I started not sleeping at home. My friends and I were looking after the home of my boss in Imbali. He had gone to Newcastle. No one knew where I was, but I was within walking distance of home. We had a car to use and were stealing cars every night. We went to Scottsville, Howick, Hilton, Chase Valley and Cascades Mall.

We were stealing six to seven cars a week. Depending on the car, we would get up to R4 000, and R7 000 for a bakkie. We were enjoying it. We always had money and whoonga. We had everything we wanted. It was freedom to us.

In December 2012, I went home. The police were looking for us. My parents moved me to a rural town because I said I needed to get away. I went to stay with my aunt. But I needed whoonga. I got cramps and started stealing from my aunt’s shop.

I would go back to town and buy enough whoonga to last me the week. I was smoking about 10 times a day. I wasn’t feeling good. If I tried to eat when I was high, I would vomit, and when I wasn’t high, I would have cramps — so I couldn’t eat. I was getting thin. The rat poison in the whoonga made me dark and my mother noticed. She took me to a doctor who told her I had a drug problem and told her about a rehabilitation centre in Durban.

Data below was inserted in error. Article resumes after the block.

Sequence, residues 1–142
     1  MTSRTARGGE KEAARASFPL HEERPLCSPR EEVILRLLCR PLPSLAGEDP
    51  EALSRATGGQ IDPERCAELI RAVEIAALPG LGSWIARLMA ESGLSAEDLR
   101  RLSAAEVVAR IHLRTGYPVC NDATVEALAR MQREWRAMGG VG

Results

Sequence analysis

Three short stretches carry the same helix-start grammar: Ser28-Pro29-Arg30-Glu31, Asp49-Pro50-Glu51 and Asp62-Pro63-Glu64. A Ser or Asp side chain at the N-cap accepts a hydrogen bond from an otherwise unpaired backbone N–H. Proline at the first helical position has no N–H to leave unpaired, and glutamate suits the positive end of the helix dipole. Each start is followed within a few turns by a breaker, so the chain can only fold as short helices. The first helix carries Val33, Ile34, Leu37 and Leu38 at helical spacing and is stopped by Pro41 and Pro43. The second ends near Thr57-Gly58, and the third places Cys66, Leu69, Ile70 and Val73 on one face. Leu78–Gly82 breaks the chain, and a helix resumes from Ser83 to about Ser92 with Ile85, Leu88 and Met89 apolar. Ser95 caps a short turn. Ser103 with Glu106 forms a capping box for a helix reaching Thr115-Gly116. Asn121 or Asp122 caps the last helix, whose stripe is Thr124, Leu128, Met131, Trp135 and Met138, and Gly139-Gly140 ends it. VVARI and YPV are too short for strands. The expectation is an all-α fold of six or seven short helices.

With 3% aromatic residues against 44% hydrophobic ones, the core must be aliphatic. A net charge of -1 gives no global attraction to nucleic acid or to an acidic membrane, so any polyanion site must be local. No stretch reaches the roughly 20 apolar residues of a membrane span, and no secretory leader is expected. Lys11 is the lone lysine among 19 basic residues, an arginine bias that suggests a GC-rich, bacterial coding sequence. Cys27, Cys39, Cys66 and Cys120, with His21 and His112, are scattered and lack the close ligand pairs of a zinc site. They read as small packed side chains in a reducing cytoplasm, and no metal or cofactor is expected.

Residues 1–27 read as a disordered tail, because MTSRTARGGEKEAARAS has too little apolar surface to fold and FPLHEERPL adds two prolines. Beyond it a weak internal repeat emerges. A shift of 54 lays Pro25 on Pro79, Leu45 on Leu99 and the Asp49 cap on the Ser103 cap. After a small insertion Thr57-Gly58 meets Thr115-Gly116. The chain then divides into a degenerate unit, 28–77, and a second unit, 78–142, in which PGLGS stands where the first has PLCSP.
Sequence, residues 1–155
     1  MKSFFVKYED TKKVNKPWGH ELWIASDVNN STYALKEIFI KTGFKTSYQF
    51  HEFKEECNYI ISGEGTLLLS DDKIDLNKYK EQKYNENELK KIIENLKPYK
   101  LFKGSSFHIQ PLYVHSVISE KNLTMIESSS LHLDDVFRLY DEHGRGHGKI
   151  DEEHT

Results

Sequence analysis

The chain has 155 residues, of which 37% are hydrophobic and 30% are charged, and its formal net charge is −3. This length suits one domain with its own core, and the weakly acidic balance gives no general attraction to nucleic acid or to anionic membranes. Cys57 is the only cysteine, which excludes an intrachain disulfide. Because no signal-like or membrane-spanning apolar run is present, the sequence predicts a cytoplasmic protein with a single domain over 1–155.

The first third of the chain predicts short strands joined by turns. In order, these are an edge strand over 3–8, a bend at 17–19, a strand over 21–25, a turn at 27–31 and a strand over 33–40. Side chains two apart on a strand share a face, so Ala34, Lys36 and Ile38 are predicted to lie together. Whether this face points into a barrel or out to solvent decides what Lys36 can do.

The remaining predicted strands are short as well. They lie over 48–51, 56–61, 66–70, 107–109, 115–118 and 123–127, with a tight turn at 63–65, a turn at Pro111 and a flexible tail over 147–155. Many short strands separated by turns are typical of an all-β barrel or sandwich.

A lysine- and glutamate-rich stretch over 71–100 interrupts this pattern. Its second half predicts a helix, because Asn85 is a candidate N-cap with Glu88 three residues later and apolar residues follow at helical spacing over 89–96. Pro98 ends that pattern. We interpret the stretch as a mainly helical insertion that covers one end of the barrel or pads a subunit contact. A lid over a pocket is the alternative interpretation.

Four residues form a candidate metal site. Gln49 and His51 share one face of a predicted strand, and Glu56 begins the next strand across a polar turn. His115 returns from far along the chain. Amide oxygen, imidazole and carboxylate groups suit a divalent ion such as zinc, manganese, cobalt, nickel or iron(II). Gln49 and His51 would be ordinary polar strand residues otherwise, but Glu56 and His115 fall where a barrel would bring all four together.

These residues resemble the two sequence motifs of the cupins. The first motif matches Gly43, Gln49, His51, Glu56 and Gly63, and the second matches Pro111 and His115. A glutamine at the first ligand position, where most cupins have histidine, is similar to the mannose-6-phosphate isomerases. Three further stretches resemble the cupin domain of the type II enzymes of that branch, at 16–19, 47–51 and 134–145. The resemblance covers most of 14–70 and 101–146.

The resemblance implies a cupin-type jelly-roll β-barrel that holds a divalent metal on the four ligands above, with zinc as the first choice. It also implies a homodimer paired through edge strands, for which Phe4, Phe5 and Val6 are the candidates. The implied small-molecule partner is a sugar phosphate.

I didn’t want to stop, but I was forced to go to the Jullo Addiction Treatment Centre in Durban. They did a drug test and found traces of whoonga. They told my parents, who were shocked.

Even though I knew about the ingredients of whoonga, I thought it was healing me because it made the cramps go away. I was at the Jullo Addiction Treatment Centre for three weeks. When I was discharged, I was prescribed methodone for the heroin addiction.

In the meantime, I had passed Grade 11, but had been expelled from Nomaswazi for drug use. The headmaster said we were a bad influence.